When it comes to curbing vehicle idling in Salt Lake City, education trumps enforcement.
Mayor Ralph Becker and the City Council agreed on that premise Tuesday, passing a new law that outlaws idling beyond two minutes but exempts drive-through business windows — considered the biggest air-polluting culprits — provided the merchants post anti-idling signs.
The compromise was reached — in the face of banker and restaurateur criticism — as council members conceded placing "exhaust police" at drive-throughs citywide is unrealistic.
"This is a good way to be friendly and encourage others to look at this," said Councilman Carlton Christensen, who was outnumbered in his bid to stretch the idling limit to four minutes. "At the end of the day, considering our limited enforcement capabilities, it may be more effective."
Becker’s ordinance, passed unanimously by the council, still puts Salt Lake City on a par with Philadelphia as the U.S. city with the strictest anti-idling standard. The new law forbids motorists from idling beyond two minutes — including in their driveways and in front of schools.
But it comes with a six-month grace period and first-time violators will receive a warning. A second offense costs $160 and a third, $210. Exceptions are outlined for temperatures below 32 degrees and above 90, defrosting windows and waiting at stoplights. Bus drivers still can idle up to 10 minutes. And police, airport-support vehicles and utility and emergency crews are exempt.
Councilman Stan Penfold maintained anything government can do to cleanse the air is a valley-wide benefit. "Taking that moment and using those little muscles in your hand to turn off that engine," he said, "is a really good message."
As part of the measure, the council pledged to study other air-polluting symptoms — namely synchronizing city stoplights — and to review the idling law a year from now.
The council toyed with a universal three-minute limit, with no exemptions, but backed away.
Becker said he ultimately endorsed the sign idea at drive-throughs since violations would be enforced "very sporadically" anyway.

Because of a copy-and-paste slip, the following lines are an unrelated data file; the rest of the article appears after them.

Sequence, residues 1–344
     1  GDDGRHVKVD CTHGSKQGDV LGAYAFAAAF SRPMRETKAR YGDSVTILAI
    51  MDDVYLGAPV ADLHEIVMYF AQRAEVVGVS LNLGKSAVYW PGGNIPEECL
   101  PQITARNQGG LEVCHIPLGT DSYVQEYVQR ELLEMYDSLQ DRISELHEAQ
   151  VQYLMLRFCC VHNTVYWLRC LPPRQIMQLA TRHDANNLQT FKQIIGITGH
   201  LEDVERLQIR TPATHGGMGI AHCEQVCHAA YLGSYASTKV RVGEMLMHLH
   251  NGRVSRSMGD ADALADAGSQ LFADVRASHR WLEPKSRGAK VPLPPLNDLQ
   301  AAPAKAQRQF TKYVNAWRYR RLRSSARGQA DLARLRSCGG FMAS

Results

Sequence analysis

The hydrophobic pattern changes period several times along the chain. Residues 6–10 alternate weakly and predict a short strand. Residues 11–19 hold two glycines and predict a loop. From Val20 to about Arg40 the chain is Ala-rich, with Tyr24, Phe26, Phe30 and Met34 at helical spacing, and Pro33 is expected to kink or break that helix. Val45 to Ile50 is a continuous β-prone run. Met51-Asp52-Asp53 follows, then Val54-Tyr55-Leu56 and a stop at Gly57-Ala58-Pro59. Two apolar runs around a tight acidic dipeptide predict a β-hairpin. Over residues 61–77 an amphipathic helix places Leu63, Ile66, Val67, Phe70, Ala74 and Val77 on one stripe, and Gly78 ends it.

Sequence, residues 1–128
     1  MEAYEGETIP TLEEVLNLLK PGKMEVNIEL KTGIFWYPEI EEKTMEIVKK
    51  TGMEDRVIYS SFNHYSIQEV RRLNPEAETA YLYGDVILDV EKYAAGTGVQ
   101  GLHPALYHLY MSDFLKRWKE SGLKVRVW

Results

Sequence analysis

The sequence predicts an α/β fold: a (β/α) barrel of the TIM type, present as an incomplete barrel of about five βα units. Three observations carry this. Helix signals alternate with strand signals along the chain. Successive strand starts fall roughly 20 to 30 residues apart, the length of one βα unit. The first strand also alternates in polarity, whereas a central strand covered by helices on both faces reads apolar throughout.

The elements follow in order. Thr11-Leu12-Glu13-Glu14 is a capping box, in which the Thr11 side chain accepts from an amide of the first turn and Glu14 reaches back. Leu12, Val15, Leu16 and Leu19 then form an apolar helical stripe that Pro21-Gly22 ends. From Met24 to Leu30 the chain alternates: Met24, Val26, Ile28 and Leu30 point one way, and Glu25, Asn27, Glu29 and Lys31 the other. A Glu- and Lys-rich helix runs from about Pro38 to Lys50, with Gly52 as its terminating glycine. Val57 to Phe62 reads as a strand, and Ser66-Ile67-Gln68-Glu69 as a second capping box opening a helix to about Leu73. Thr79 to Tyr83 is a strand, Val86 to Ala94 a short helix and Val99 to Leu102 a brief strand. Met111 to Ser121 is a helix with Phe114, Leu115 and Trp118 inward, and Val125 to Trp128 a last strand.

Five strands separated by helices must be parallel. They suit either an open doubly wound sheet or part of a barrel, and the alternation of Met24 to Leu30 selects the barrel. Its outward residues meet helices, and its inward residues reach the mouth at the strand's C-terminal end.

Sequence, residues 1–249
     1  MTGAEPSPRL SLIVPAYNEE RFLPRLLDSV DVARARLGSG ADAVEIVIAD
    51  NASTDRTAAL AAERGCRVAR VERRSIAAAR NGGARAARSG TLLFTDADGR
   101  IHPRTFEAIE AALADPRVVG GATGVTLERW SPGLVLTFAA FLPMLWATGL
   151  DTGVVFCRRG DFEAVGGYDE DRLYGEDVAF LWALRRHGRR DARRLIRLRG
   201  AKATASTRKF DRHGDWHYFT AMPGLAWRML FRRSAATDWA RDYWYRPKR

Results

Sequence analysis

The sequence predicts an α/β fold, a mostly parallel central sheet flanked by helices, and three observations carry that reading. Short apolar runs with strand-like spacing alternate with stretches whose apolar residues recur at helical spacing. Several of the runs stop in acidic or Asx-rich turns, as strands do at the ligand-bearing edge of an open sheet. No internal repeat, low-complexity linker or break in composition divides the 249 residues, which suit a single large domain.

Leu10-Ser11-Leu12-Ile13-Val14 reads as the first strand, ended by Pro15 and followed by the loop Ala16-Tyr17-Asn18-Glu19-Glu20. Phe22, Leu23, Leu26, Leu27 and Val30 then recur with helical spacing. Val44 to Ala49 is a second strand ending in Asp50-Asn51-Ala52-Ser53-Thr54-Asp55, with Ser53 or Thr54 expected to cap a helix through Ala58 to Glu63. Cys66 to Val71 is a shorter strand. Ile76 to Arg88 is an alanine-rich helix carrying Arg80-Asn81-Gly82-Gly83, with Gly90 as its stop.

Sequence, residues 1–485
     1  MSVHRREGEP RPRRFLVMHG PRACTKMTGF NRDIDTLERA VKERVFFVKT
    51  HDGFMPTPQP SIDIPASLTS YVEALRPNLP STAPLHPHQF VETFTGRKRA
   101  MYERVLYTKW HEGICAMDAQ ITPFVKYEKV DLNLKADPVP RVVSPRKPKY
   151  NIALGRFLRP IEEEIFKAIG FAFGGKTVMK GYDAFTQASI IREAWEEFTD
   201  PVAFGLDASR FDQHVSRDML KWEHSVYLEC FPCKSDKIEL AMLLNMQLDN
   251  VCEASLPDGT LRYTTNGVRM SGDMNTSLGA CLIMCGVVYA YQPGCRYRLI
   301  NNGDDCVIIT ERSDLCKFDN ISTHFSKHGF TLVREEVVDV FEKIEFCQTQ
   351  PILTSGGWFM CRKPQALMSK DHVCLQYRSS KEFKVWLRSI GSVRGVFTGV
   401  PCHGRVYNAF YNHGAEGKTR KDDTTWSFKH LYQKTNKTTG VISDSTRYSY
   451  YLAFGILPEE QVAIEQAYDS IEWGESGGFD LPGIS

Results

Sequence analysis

"The purpose of this is to reduce air pollution," the mayor emphasized. "That education component may serve just as well."
Under the plan, businesses with drive-throughs will be required to purchase anti-idling signs that highlight the law from the city at roughly $20 a pop. The city debated mandating the slogan "It’s our health and the law," but opted to let business owners choose the language. But if merchants fail to erect a sign, the idling exemption would not be granted.
Councilman Van Turner, who owns a burger joint and floral shop in Glendale, argued the signs should reinforce good behavior. "Most people are creatures of habit," he said, pointing to the hordes who return to the same lunch lanes and bank deposit boxes. "I’m in favor of the signs because it’s going to remind you every single day."
"It’s going to be the next generation of kids," added Councilman J.T. Martin, "that understand the importance of this."
Councilman Luke Garrott expressed some reservation, arguing two or three minutes ought to be plenty of time for drive-through business. If it’s slower, he said, "they’re not providing a good service." He also took issue with exempting some private properties but not others.
The city’s parking enforcement crews will enforce the idling law, though officials say it will primarily be complaint based.
Citations aside, Councilman Soren Simonsen worries the law simply addresses a symptom but not the actual problem: drive-through windows.
"That may need to be something," he suggested, "we need to take another look at."